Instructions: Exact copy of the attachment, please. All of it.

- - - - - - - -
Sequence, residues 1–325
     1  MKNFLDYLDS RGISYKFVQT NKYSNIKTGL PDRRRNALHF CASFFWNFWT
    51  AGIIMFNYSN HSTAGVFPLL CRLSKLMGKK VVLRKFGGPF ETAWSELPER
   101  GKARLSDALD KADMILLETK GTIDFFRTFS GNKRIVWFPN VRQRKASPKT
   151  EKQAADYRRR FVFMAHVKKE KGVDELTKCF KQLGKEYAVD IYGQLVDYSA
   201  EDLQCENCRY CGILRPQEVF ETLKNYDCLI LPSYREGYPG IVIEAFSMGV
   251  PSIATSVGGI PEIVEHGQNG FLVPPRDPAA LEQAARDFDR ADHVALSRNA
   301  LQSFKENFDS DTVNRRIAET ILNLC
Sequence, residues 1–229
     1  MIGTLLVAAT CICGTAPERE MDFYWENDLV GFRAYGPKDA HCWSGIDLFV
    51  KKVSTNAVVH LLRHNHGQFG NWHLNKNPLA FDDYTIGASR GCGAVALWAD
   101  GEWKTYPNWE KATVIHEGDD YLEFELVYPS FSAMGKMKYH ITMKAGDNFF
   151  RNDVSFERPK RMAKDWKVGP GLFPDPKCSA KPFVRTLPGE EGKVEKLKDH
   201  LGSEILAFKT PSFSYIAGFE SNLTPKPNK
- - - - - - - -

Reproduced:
Sequence, residues 1–325
     1  MKNFLDYLDS RGISYKFVQT NKYSNIKTGL PDRRRNALHF CASFFWNFWT
    51  AGIIMFNYSN HSTAGVFPLL CRLSKLMGKK VVLRKFGGPF ETAWSELPER
   101  GKARLSDALD KADMILLETK GTIDFFRTFS GNKRIVWFPN VRQRKASPKT
   151  EKQAADYRRR FVFMAHVKKE KGVDELTKCF KQLGKEYAVD IYGQLVDYSA
   201  EDLQCENCRY CGILRPQEVF ETLKNYDCLI LPSYREGYPG IVIEAFSMGV
   251  PSIATSVGGI PEIVEHGQNG FLVPPRDPAA LEQAARDFDR ADHVALSRNA
   301  LQSFKENFDS DTVNRRIAET ILNLC
Sequence, residues 1–229
     1  MIGTLLVAAT CICGTAPERE MDFYWENDLV GFRAYGPKDA HCWSGIDLFV
    51  KKVSTNAVVH LLRHNHGQFG NWHLNKNPLA FDDYTIGASR GCGAVALWAD
   101  GEWKTYPNWE KATVIHEGDD YLEFELVYPS FSAMGKMKYH ITMKAGDNFF
   151  RNDVSFERPK RMAKDWKVGP GLFPDPKCSA KPFVRTLPGE EGKVEKLKDH
   201  LGSEILAFKT PSFSYIAGFE SNLTPKPNK